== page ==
For years, people have ignored the ramifications of using highly carbon-intensive fuels under the pretense renewable energy was too expensive to be realistic. However, a New York Times article on Monday showed that argument will soon be obsolete.
In December, representatives from countries across the globe met at the very first climate summit in Paris to set goals for reducing the monumental negative impact humans have had on the Earth and make partnerships to ensure change is possible.
Renewable energy sources “made up 53.6 percent of the gigawatt capacity of all technologies installed in 2015, the first time it has represented a majority,” according to a United Nations report.
For the majority of the world, the question is no longer “does global warming exist?,” but rather “what can we do to save the Earth?”
Only a few small-minded individuals still deny the effect humans have on the planet by using fossil fuels to the detriment of our environment. While they sit in their air-conditioned homes in denial, the rest of the world is working to remedy our past mistakes.
Over $286 billion was invested worldwide in wind, solar and other renewable sources, more than half of which went to emerging markets such as India and Brazil.
The price of solar panels has fallen 61 percent between 2009 and 2015. The accounting firm KPMG announced its prediction that by 2020, solar energy in India will be 10 percent cheaper than electricity generated by burning coal.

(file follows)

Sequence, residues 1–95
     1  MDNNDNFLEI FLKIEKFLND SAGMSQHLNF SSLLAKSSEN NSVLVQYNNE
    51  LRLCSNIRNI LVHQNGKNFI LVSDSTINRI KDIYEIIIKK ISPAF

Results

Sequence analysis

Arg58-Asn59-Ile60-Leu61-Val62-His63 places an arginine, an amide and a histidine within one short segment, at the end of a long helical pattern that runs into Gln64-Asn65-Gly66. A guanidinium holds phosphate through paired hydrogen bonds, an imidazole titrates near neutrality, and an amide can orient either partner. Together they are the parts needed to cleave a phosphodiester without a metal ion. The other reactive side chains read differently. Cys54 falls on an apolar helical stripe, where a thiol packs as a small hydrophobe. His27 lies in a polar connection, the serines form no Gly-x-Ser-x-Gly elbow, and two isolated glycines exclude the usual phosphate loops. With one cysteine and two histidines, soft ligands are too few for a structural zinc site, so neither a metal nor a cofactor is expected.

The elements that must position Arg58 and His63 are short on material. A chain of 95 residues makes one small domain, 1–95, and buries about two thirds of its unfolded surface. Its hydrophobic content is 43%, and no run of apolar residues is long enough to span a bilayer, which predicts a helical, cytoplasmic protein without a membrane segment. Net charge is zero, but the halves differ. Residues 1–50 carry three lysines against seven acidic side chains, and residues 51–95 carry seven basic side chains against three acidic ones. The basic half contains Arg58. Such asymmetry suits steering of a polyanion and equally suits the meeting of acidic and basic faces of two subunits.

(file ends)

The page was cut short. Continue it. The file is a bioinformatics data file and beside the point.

This is revolutionary and offers substantial hope for the future of an economic and sustainable tomorrow.
Countries such as India and China are home to heavily populated and polluted cities. Innovations such as affordable clean energy sources will help reduce the harmful pollutants detrimental to people’s health and allow the country to function without making budget cuts that could harm its citizens.
While there is still much progress needed for worldwide sustainability to become the norm, we’ve come a long way in the last few years to make such technology a reality.
As we continue to create new and improved methods of harnessing renewable energy, it is important that major countries such as the U.S. dedicate themselves to doing all they can to phase out fossil fuels.
In British Columbia, a carbon tax encourages citizens to use cleaner fuels and has reduced emissions by 5 to 15 percent while boosting the provincial economy.
“It performed better on all fronts than I think any of us expected,” said Mary Polak, the Canadian province’s environment minister. “To the extent that the people who modeled it predicted this, I’m not sure that those of us on the policy end of it really believed it.”
Other countries are beginning to adopt similar measures. For example, India’s Prime Minister Narendra Modi proposed doubling the current tax on coal, and China is working to create a national emissions trading system, according to the New York Times.
However, the U.S. has yet to make any substantial policies to counter the use of fossil fuels within its borders.
Hopefully, with the realization that renewable energy sources are quickly becoming affordable and in some cases cheaper than damaging fuels, the U.S. will take its spot among the global leaders and fight to renovate its energy sources.
If the U.S. doesn’t make clean energy a priority despite having preached sustainability for years, why should anyone else?